Bravery, facing problems head on, characterization, plot twist

2)What Do You Do With An Idea by Kobi Yamada
Encouragement, being yourself/thinking your own way, characterization

3) Woosh! By Chris Barton
Perseverance, never giving up, Characterization

4)Dear Deer by Gene Barretta
Homophones, kid friendly illustrations, intro to letter writing

5)Peanut Butter & Cupcake by Terry Border
Perseverance in finding friends, dialogue, personification, repiticous writing

6) I Like Myself! By Karen Beaumont
Loving yourself, be yourself, rhyme, characterization

7) The Diary of a Worm by Doreen Cronin
Living things and their basic needs, letter writing, journaling

8) Baloney by Jon Scieska and Lane Smith
Imagination, plot, context clues, tall tales

9) A Bad Case of Stripes by David Shannon
Imagery, context clues, making friends

10) Click, Clack, Moo Cows That Type by Doreen Cronin
Onomatopoeia, letter writing, personification

11) Sylvester and the Magiv Pebble by William Steig
Personification, being happy with what you have

12) Some Smug Slug by Pamela Duncan Edwards
Alliteration, dialogue, words to use instead of "said"

13) If You Give A Mouse A Cookie by Laura Numeroff
Circular story structure, predictions, first, then, last

14) I Wanna Iguana by Karen Kaufman Orloff
Persuasive writing, writing notes

15) Beatrice Doesn't Want To by Laura Numeroff
Learning to love reading, characterization, Beginning, middle, and end


message 4: by Jennifer (new)

Jennifer DeRosier (jnd0075) | 1 comments 1. The Three Billy Goats Gruff by Stephen Carpenter
Retelling the story’s beginning, middle and end.

2. Thank You, Mr. Falker by Patricia Polacco
Discussing Plot

3. The Three Little Pigs by Paul Galdone
Recognizing recurring phrases and characters in traditional fairy tales.

4. The Kissing Hand by Audrey Penn
Describe characters in a story and the reason for their actions.

5. The Boy Who Wouldn’t Share by Mike Reiss
Identifying moral lessons

6. The Diary of a Young Girl by Anne Frank
Autobiographies

7. Matilda by Roald Dahl
Describing interactions between characters

8. The True Story of the 3 Little Pigs! By a Wolf by Jon Scieszka
Changing viewpont

9. The Day the Crayons Quit by Drew Daywalt
Personification

10. Little Red Riding Hood by Candice Ransom
Identifying the protagonist

11. Little Red Hot by Eric Kimmel
Comparing versions of the same story

12. Frog and Toad are Friends by Arnold Lobel
Theme

13. Chrysanthemum by Kevin Henkes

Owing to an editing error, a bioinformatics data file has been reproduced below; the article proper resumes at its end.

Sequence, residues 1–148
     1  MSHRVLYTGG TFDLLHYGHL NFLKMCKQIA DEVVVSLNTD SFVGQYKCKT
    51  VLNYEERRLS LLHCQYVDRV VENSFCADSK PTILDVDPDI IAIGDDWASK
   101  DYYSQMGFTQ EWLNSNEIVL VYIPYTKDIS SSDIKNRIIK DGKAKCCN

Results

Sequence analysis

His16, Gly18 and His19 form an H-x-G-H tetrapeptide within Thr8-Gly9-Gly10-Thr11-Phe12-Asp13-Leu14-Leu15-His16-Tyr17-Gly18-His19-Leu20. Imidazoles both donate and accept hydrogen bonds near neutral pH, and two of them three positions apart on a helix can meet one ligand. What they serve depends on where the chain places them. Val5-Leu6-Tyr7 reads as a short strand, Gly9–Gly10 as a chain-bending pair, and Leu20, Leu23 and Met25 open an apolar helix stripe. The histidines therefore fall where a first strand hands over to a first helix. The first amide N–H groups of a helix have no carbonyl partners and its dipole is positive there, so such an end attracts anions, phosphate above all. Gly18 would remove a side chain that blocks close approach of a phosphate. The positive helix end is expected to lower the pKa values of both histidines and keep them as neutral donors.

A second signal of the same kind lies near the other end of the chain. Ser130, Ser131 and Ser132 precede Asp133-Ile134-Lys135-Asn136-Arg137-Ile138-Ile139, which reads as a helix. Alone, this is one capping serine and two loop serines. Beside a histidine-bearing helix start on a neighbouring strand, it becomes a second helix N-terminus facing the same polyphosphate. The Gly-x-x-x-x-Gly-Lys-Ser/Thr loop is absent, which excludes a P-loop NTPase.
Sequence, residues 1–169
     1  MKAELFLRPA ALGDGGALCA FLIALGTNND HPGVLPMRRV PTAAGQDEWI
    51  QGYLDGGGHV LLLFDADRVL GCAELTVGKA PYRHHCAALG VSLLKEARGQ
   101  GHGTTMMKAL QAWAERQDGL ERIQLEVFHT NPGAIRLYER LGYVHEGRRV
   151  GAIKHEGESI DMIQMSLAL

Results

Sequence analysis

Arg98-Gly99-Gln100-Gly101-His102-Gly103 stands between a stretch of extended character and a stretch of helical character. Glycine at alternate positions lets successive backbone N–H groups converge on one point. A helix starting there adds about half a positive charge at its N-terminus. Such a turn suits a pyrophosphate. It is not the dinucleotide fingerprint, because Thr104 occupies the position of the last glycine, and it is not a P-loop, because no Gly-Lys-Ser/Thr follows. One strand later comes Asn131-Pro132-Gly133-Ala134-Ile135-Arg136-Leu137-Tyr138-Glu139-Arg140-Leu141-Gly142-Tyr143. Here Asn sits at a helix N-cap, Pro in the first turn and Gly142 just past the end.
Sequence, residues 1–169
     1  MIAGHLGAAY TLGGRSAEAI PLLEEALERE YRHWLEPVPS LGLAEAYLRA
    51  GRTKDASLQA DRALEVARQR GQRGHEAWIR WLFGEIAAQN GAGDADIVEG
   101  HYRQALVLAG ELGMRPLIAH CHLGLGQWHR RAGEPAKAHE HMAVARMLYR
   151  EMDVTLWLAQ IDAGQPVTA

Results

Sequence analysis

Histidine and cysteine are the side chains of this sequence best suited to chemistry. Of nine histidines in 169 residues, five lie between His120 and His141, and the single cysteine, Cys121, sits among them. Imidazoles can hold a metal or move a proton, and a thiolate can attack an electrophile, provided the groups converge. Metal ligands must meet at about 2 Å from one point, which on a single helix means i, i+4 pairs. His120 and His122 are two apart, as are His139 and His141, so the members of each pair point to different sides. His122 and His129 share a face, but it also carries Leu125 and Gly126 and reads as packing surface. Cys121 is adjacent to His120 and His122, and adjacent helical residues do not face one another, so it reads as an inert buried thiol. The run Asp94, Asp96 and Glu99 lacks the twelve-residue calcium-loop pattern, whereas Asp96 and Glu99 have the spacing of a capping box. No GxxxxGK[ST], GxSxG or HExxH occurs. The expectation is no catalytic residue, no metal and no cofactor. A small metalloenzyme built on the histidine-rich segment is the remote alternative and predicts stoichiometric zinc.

Conflict

14. Charlotte’s Web by E.B. White
Climax

15. Cloudy With a Chance of Meatballs by Judi Barrett
Genre


message 5: by Sahar (new)

Sahar Sadruddin | 1 comments 1. The Girl Who Heard Colors by Marie Harris
- The 5 senses, Descriptive Writing, Individuality

2. Esperanza Rising by Pam Munoz Ryan
- Plot Development, Character Development, Creating Relationships between Characters

3. The Tale of Desperaux by Kate DiCamillo
- Plot, Sensory Images, Conflict, Creating Characters, Bravery

4. Inside the Human Body (The Magic School Bus) by Joanna Cole
- Beginning/Middle/End, Adding Text features, Science

5. Charlotte's Web by E.B. White
- Plot, Sensory Images, Personification, Emotions

6. Bridge to Terabithia by Katherine Paterson
- Plot, Character Development, Dialogue, Emotions

7. I Hate English! by Ellen Levine
- Plot, Conflict, Character Development

8. The Very Hungry Caterpillar by Eric Carle
- Beginning/Middle/End, Repetition, Details, Repetition

9. Two Crafty Jackals: The Animal Fables of Kalilah and Dimnah by Elizabeth Laird
- Personification, Conflict, Plot

10. The King's Chessboard by David Birch
- Character Development, Plot, Conflict, Math

11. Matilda by Roald Dahl
- Character, Plot, Descriptive Writing, Dialogue, Individuality

12. Little Roja Riding Hood by Susan Middleton Elya
- Character, Different Version of known story, Codeswitching

13. The Day the Crayons Quit by Drew Daywalt
- Characterization, Conflict, Details

14. I Dissent: Ruth Bader Ginsburg Makes her Mark by Debbie Levy
- Character, Biographies, Conflict, Dialogue, Feminism, Supreme Court

15. Of Thee I Sing: A Letter to my Daughters by President Barack Obama
- Characterization, Letter Writing, Patriotism, History